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Residual sugar

Also referred to as residual sweetness (RS), the amount of sugar in the wine that is achieved by a natural end to fermentation or by deliberately stopping it. Various methods or agents are used to remove or kill the yeasts or at least inhibit their activity to a great extent. These include, for example, filtering the fermenting wine (removing the yeast cells), cooling to minus 3 to 2 °Celsius (stabilisation), adding sulphur, briefly heating to 75 °Celsius or, in the case of certain wines, spriting, i.e. adding pure alcohol (killing).

Designations for the sugar content

The residual sugar consists mainly of the sugar type fructose (fruit sugar), because glucose (grape sugar) is converted more quickly into alcohol and carbon dioxide, as well as a small proportion of non-fermentable sugars (pentoses). The remaining sugar content can be indicated on the label in the form dry, semi-dry, feinherb, medium sweet or sweet, as regulated by wine law. There are other country-specific designations, but these have no legal significance for wine. The previously common term diabetic wine is no longer permitted for consumer protection reasons.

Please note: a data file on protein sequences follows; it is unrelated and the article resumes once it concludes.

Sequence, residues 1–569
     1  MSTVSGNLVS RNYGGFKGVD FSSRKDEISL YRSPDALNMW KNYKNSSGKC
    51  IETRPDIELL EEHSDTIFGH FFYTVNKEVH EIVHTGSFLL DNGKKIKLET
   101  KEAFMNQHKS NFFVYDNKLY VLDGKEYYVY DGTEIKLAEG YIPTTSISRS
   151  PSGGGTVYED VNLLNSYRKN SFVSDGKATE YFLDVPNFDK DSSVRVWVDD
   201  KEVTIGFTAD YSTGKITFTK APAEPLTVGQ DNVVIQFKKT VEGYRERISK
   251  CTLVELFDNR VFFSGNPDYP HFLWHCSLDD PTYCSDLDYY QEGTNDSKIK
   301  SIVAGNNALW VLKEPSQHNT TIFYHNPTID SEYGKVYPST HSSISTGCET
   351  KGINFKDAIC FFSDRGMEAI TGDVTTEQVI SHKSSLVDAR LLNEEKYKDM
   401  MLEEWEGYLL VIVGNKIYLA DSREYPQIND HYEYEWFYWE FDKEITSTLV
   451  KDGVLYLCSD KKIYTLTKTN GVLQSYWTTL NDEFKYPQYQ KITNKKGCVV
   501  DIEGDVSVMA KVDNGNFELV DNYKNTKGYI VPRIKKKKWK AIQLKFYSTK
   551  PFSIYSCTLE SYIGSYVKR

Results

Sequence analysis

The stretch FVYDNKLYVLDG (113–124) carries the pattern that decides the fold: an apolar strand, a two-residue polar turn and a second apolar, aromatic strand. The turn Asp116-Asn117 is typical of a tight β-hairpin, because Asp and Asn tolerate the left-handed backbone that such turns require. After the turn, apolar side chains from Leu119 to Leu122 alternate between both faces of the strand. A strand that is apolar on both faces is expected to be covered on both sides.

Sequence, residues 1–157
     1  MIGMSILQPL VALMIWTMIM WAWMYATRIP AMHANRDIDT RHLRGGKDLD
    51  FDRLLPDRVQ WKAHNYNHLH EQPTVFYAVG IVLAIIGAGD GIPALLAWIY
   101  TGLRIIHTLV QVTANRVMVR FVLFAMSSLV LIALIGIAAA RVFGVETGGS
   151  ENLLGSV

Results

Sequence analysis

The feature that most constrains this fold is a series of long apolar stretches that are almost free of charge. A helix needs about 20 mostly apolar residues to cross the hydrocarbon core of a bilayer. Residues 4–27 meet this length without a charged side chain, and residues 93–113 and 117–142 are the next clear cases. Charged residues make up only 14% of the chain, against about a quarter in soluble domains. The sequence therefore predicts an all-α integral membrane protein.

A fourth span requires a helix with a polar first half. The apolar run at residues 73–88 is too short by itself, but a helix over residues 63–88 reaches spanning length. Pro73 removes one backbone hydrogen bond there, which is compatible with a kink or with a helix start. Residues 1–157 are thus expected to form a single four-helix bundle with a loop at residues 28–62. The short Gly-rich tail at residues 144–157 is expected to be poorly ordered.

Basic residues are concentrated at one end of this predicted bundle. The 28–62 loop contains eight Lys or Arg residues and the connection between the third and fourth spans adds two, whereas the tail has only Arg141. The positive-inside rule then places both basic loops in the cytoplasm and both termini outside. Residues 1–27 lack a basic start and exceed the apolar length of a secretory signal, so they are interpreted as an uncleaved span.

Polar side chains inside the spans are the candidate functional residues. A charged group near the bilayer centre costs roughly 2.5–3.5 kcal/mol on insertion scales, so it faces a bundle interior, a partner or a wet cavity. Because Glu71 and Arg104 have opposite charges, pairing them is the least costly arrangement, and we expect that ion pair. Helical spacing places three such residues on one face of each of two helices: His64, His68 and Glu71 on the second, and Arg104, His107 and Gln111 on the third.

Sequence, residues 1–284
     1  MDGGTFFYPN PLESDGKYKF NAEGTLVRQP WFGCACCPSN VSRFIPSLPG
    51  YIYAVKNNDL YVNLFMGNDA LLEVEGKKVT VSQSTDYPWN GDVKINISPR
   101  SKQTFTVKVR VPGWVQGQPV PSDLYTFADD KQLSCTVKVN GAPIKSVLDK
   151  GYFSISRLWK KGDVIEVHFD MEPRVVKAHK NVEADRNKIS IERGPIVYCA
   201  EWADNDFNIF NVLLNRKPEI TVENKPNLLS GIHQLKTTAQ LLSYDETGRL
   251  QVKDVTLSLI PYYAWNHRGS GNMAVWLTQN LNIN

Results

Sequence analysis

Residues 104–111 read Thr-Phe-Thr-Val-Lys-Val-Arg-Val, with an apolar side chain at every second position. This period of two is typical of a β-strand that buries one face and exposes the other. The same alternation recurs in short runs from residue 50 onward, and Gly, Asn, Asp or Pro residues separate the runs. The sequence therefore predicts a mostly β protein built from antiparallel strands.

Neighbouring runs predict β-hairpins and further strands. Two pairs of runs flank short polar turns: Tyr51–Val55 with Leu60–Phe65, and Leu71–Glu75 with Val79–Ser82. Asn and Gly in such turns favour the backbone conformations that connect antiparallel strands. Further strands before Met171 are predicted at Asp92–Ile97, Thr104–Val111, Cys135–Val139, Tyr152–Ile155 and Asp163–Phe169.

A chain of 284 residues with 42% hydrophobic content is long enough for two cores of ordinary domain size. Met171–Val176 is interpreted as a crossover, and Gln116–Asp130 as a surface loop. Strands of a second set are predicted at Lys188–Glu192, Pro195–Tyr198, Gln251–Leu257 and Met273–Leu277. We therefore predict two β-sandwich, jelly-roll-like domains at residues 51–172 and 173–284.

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Markus J. Eser

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Markus J. Eser
Weinakademiker und Herausgeber „Der Weinkalender“

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